I’ve never read “Retromania,” Simon Reynolds’ treatise on cultural regurgitation and hyper-nostalgia, but his point — that we are obsessed with the past, and we are constantly replicating it in modern terms — is not lost on me. Everyone noticed when The Killers reminded Top Forty radio about the ’80s. Jack White, a musician who got famous a decade ago by tricking out old blues and garage rock with a manic energy, just debuted a record at number one. It may not be new, but everything old is beloved again.
White has been busy with his Nashville label Third Man Records lately, a testament to another renewed interest — vinyl records. Third Man, like many independent labels, puts out every release on vinyl, and contribute heartily to the twice-annual Record Store Day festivities. Attempting to revitalize the LP format, and the brick-and-mortar shops where it is available, RSD is accompanied by a sizable hoard of limited edition seven and twelve-inches. Not to mention the avid collectors, who often snap up the heavily-hyped releases before more casual fans get a chance to grab them.
I made it over to the Appleton branch of the Exclusive Company, a small music retail chain, for Record Store Day, and if memory serves so did quite a few Lawrentians. Though I did not purchase any of the limited editions, I got a few reissued records I’d been meaning to hear, and eventually I’d noticed I’d gone retro-manic on a small scale.
The first selection I made was “Darklands,” the second full-length by the seminal Jesus and Mary Chain. Having thoroughly enjoyed “Psychocandy,” their noisier debut, I figured it wouldn’t disappoint me, and I was right. “Darklands” is full of loose, blunt pop songs cast in gothic nihilism, marrying a devil-may-care punk philosophy to Wall of Sound-esque songwriting. The record is a phenomenal example of nostalgic reinterpretation; Sixties pop tradition is fed through buzzing guitar and a modern drum machine, with songs like “Happy When It Rains” throwing a Loud Reed croon over strident fake cymbals.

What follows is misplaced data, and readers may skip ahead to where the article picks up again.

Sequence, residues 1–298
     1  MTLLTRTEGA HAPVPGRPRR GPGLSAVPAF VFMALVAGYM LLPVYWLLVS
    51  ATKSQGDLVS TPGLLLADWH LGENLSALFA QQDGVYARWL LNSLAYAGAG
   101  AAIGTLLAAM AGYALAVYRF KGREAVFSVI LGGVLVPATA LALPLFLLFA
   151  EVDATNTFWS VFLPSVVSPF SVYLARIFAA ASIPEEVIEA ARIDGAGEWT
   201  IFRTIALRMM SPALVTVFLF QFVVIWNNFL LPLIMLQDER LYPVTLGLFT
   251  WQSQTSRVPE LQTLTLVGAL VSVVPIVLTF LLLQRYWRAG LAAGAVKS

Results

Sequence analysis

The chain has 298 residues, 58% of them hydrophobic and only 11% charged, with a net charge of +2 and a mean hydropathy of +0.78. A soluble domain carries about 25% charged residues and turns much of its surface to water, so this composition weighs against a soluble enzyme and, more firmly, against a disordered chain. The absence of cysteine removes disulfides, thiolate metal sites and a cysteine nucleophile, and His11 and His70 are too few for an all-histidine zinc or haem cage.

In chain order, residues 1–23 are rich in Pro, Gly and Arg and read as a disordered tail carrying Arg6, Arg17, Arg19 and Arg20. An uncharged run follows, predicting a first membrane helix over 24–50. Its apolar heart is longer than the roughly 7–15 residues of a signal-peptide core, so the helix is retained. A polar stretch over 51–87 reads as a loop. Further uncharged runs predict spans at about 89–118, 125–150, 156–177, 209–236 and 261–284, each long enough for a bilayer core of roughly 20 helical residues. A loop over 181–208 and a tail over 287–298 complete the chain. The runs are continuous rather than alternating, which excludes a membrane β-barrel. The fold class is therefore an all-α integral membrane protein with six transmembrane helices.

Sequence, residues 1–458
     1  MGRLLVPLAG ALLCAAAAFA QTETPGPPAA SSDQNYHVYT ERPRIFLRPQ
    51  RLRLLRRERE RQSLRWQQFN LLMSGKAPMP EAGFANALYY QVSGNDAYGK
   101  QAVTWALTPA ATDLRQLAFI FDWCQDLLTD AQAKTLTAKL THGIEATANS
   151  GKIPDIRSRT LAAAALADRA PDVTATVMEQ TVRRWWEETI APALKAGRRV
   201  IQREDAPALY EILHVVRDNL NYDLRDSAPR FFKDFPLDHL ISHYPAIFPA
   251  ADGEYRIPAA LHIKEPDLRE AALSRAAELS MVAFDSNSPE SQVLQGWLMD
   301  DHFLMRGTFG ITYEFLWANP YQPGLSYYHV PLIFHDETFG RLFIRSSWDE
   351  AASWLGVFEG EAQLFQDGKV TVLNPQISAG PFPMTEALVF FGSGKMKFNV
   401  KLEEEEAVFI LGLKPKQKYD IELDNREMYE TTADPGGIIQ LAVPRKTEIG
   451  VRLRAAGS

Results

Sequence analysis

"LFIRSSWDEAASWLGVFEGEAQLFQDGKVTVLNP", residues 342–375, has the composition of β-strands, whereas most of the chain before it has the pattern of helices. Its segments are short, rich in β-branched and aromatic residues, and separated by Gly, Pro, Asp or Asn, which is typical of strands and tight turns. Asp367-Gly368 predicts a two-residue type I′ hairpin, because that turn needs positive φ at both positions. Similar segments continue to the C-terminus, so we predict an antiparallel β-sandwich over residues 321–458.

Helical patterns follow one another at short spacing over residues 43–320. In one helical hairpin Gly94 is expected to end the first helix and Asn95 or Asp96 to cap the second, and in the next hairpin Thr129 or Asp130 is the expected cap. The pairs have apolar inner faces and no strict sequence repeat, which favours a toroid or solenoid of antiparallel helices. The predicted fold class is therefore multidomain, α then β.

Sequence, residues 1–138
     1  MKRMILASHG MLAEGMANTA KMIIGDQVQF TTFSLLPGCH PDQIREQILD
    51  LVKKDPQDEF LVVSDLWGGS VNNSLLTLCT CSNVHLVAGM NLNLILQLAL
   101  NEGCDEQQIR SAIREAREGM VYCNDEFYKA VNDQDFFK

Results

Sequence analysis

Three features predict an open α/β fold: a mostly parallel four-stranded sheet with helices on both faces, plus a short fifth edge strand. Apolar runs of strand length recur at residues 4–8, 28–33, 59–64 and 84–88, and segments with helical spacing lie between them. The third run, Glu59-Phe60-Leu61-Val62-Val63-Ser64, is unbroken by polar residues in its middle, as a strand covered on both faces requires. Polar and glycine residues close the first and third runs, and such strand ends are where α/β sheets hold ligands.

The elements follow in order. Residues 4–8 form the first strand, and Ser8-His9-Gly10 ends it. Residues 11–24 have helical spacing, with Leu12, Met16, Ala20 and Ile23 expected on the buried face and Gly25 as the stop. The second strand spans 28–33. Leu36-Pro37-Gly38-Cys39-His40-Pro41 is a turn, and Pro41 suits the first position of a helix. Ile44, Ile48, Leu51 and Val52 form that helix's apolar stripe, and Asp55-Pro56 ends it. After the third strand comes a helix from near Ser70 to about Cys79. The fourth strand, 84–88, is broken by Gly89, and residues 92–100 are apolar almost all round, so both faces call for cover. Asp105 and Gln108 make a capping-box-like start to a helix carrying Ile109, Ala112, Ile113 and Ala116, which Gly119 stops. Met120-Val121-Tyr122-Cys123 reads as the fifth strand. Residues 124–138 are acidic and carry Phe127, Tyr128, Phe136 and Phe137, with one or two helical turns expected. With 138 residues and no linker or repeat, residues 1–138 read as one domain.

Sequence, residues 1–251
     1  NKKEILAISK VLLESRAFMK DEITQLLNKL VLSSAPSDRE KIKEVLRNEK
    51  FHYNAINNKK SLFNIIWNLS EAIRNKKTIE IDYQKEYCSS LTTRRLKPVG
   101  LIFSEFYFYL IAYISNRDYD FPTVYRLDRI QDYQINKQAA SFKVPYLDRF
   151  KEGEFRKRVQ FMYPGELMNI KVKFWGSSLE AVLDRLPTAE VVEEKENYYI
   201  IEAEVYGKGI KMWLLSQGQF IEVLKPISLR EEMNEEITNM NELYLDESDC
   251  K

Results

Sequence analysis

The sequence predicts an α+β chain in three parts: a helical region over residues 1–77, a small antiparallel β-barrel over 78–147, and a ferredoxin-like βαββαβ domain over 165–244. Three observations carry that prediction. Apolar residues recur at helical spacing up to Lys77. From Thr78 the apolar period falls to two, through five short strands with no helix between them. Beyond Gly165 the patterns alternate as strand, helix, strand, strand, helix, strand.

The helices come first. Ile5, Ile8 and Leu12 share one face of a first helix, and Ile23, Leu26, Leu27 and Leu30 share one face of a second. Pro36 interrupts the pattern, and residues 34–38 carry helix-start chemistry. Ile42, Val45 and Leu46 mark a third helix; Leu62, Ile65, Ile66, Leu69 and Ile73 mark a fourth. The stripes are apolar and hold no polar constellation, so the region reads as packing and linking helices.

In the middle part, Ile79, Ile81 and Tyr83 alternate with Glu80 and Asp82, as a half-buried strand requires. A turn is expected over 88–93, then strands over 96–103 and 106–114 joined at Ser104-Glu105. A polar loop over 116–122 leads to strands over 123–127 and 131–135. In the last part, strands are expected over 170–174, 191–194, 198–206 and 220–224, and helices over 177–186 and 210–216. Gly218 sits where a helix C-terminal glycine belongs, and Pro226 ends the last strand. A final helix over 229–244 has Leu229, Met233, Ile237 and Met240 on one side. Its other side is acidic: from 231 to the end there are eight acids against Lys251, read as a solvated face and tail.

“Darklands” sounds brilliant, but it’s frequently caught up in its own influence, preferring to acknowledge its sources rather than try to avoid letting them show. That willingness to let forebears define the songwriting allows the Jesus and Mary Chain to fully occupy the attitude they’re constructing on the record, and makes the whole thing more interesting and affecting than a divorce from rock history.
But where is nostalgia headed? If we’re to believe the axiom that pop-culture aesthetic repeats every twenty years, it looks like music is boldly venturing into the Nineties for tradition to bowdlerize. My Bloody Valentine is reissuing all their records, and may have new music out this year; “Nevermind” got the deluxe treatment recently; bands like Yuck are mining the decade’s great sounds to great effect.
My second purchase, the vinyl reissue of “VeeVee” by Archers of Loaf, is another component in this ’90s revival. The Archers, a band from the revered Chapel Hill scene, have recently begun playing shows together and are reissuing their entire catalogue. It’s a good thing, too — their records reach an almost Platonic form of alt-rock, finding the space between clean and distorted guitars, between harmonious and discordant melodies, between goofy nonsense and heartfelt missives in their lyrics.
“VeeVee” hits a little harder than their debut “Icky Mettle”, but its formula is similar — frontman Eric Bachmann emotes cryptically about being let down “for the second time straight,” and the dual-guitar maneuvers careen from crunchy to soaring. “The Greatest of All Time” is a powerful execution of the indie ‘loud-quiet-loud’ trope, joining a loser frontman and dying hero in a heart-wrenching, ear-splitting elegy. They settle into a whirling midtempo for “Fabricoh” a song occupied mostly by the lyric “rocking out.”
For bonus points in the sentimental arena, there’s a confrontational one-minute jam with a noise in the verse like an elephant’s cry, called “Nostalgia”. “VeeVee” is ripe for the revivalist picking; its self-awareness and unrelenting churn still hold up as a bold statements in a frequently tepid modern indie-rock scene. In short, it’s worthy of the emulation that the future holds, and that may be its best quality.
Despite the cheapness of constant regurgitation, the excellence of the past is something we should re-examine. I’m happy with what ‘retro-mania’ gave me on Record Store Day, and with an open mind and a disregard for the decade, I’m sure you can make a fantastic new memory out of someone else’s old one.